Investigate Method Count & Code Analysis in Android Kotlin Project

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Investigate Method Count & Code Analysis in Android Kotlin Project

Analyze Methods Count

In an Android project, dependencies can be added effortlessly using Gradle, and it is such a headache when you hit the method limit of 65,536. At that point, you need to enable Dex, which may inflict more pain on you by increasing Gradle build time. Unfortunately, there is still no way to get rid of this, but it can be prevented by carefully adding dependencies and also by keeping an eye on your project method count.

In this post, we are going to use a Gradle plugin called DexCount, which not only prints out your method, field and classes count but also draws a visualization so that you can understand which dependencies are using most of your method count.

Before you start, make sure that you already have a minimum of Java 8 installed, otherwise the DexCount can’t run properly. For the first step, add a dexcount plugin classpath in project build.gradle

classpath 'com.getkeepsafe.dexcount:dexcount-gradle-plugin:0.8.3'

Open app build.gradle and apply dexcount plugin. Make sure to apply it after ‘com.android.application’.

apply plugin: 'com.getkeepsafe.dexcount'

That’s it, the setup phase is done! Now open a terminal and run

./gradlew assemble debug

Gradle will start building the project, and it will also print out the statistic of methods, fields and classes inside our app.

To see the visualization of our app methods count, head over your project app/build/outputs/dexcount select your app_flavorDebugChart or app_flavorReleaseChart folder and open index.html file.

This chart is interactive. Each segment represents a package and sub-packages. You can hover your mouse to each section to learn how much methods that a package/class has.

Now, you can understand your codes better. By looking at this chart, you can refactor a dependency that has lots of methods, maybe by removing it and use an alternative dependency that has smaller method count.

Code Smell Detection

A code smell is a surface indication that usually corresponds to a deeper problem in the system. Because of its smell, these problems are easy to spot on. Some popular signs of code smell inside a class are a large class, too long method, complex condition, and deeply nested block. Some developers may rely only on linter to detect and fix code smell. Linter itself can detect some code smell and fix the codes to follow the official/recommended style guide. Sometimes, developers need more than that, they need a tool to detect and warn them about more code smell indications inside their project.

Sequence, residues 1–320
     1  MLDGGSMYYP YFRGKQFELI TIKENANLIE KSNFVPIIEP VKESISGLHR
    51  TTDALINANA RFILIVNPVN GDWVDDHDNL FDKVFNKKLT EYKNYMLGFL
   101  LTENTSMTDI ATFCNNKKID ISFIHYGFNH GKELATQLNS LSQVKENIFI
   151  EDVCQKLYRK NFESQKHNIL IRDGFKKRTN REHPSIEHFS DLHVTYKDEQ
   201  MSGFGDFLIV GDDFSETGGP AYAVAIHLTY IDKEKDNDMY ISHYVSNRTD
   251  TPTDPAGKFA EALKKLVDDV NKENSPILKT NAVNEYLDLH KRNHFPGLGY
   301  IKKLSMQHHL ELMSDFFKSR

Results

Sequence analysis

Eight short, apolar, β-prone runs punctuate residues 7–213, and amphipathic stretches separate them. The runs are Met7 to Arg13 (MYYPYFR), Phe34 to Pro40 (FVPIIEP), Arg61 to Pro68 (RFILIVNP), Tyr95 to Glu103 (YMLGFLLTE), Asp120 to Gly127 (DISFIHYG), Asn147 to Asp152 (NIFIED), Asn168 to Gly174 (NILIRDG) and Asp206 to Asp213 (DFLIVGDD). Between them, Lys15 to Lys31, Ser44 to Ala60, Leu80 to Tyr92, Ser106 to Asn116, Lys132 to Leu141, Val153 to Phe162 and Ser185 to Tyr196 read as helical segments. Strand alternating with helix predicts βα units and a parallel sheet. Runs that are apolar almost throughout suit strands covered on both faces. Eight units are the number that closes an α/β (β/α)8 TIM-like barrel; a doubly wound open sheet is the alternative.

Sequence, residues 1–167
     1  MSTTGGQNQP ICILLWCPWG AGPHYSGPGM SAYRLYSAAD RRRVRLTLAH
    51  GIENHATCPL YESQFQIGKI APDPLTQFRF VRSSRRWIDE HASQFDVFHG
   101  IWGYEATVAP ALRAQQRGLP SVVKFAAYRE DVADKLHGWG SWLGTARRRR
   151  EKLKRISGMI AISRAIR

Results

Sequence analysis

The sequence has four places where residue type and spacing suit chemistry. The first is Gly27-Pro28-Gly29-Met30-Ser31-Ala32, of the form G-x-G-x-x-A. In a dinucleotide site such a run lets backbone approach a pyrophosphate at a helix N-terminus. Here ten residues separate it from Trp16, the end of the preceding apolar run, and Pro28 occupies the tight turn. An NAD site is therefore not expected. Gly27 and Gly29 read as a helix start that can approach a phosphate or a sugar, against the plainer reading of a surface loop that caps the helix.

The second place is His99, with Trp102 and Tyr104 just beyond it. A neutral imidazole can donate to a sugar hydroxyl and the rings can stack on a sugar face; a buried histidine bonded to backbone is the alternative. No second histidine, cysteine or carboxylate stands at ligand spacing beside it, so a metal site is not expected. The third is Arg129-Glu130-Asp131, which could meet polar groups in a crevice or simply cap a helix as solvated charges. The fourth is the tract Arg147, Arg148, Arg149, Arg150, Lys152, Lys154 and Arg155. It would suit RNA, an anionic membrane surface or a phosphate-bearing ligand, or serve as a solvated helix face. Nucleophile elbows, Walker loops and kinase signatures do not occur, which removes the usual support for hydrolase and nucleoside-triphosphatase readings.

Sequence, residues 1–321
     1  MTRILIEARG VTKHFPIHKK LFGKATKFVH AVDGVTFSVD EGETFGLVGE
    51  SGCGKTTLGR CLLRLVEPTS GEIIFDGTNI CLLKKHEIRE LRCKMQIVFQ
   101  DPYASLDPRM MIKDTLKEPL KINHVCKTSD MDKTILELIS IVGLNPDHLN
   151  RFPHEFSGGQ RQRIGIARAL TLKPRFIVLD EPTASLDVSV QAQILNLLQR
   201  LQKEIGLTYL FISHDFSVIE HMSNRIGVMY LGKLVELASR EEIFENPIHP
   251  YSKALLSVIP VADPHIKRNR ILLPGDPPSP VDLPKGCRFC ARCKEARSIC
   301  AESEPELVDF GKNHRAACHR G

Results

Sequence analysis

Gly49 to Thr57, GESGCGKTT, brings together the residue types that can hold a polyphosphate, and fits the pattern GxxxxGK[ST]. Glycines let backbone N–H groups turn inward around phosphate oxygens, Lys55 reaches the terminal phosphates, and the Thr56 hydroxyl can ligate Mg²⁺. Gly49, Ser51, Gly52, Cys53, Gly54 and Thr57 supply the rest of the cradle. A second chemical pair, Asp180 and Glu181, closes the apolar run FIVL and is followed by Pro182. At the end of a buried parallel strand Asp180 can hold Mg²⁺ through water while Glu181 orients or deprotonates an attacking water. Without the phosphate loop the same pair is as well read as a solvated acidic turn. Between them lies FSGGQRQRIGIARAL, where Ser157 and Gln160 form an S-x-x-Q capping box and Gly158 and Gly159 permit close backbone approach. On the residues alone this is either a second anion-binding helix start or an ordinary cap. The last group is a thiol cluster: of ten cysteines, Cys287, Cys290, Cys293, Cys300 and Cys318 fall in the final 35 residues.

Detekt

Thankfully, Android developers who use Kotlin as the primary language to develop their apps have a tool called Detekt that can detect code smells. To use Detekt, we need to add the Detekt Gradle plugin by adding this line inside root build.gradle after buildscript and before all projects.

plugins {
    id "io.gitlab.arturbosch.detekt" version "1.0.0.RC7-3"
}

Next, add configuration for detekt. Add this lines after plugins

detekt {
    version = "1.0.0.RC7-3"
    profile("main") {
        input = "$projectDir"
        config = "$projectDir/default-detekt-config.yml"
        filters = ".*test.*,.*/resources/.*,.*/tmp/.*"
    }
}

Sync your changes! Next, we need to generate default-detect-config.yml file which contains default configuration rules for detekt. Open terminal and run

./gradlew detektGenerateConfig

Now, run detekt using

./gradlew detektCheck

Don’t worry if the build failed as long as you can see the analysis report. By running those command, detekt will analyze, try to find every possible code smell detection and create a report. Here is the output from my project :

After Ruleset: <type of ruleset> you can see there’s a debt value in a time unit. Debt is the time that a developer needs in order to fix a problem. This debt value is also useful for prioritizing a fix/refactor. At the bottom, you can see the report summary even includes overall debt (time) needed to fix all of those code smells!

Happy checking & refactoring.